Archivos de medicina veterinaria
versión impresa ISSN 0301-732X
RIVERS, R et al. Brucella abortus: immunity, vaccines and prevention strategies based on nucleic acids. Arch. med. vet. [online]. 2006, vol.38, n.1, pp. 7-18. ISSN 0301-732X. doi: 10.4067/S0301-732X2006000100002.
Brucellosis, a disease caused by the intracellular facultative bacteria Brucella abortus, is a widely distributed zoonosis throughout the world, affecting mainly cattle and causing sterility in males and abortion in pregnant females. Protection against B. abortus relies on the activation of cellular immunity involving lymphocytes T CD4+, subset Th1, secreting gamma-interferon (γ-INF), a cytokine stimulatings macrophage bactericidal activity and cytotoxic activity of lymphocytes TCD8+, which are able to lyse Brucella infected cells. The main antigenic components of Brucella are lipopolysaccharide (LPS) and proteins, especially superoxide dismutase (SOD) with demonstrated immune potential. Brucellosis spreading is prevented with vaccines using attenuated or inactivated strains of B. abortus, such as strains 19, 45/20 and RB51. On the other hand, several investigators are making efforts to obtain immunity using antigenic structures of Brucella as subcellular vaccines and recently, genetic vaccines based on DNA and RNA molecules. The aim of this review is to give a current overview about brucellosis, its pathogenicity and the clinical syndrome. Firstly, an analysis of the genetic, antigenic and immune characteristics of Brucella is presented. Secondly, the vaccines presently used for prevention and the research on subcellular vaccines are discussed. Finally, the new approach in the vaccine investigation, genetic DNA and RNA vaccines, for Brucella is presented.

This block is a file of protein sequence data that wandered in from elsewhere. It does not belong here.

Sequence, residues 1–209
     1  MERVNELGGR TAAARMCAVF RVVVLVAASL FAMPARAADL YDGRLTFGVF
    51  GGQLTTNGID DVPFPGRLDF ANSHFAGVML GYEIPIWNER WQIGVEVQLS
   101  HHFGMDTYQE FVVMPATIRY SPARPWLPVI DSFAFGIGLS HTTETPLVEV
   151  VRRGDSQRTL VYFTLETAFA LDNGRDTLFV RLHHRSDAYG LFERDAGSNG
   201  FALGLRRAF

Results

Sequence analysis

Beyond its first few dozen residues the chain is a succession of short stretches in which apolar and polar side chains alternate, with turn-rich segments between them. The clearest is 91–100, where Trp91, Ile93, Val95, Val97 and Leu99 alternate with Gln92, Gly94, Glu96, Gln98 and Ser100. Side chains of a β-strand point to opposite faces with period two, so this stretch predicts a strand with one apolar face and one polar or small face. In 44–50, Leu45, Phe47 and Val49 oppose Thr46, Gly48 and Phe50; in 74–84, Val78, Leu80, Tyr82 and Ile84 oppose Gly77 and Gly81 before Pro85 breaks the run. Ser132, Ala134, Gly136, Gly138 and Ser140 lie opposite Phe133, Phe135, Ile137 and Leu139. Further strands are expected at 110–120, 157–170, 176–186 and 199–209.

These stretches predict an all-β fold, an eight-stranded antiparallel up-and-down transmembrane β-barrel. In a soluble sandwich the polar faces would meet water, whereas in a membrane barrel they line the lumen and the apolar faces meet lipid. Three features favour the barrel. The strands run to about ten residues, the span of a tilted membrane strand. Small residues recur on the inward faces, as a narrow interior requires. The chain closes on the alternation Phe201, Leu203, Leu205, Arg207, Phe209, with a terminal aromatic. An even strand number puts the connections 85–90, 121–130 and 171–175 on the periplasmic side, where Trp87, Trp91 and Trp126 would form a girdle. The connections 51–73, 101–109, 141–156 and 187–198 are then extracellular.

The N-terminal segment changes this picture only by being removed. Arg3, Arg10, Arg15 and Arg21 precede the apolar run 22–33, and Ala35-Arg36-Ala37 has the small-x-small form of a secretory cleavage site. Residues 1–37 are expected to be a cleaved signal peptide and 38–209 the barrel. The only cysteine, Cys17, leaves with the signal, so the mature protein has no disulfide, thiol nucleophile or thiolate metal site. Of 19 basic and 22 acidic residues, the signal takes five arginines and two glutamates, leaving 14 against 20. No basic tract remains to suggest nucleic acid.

Palabras clave : Brucella abortus; prevention; DNA vaccines; RNA vaccines.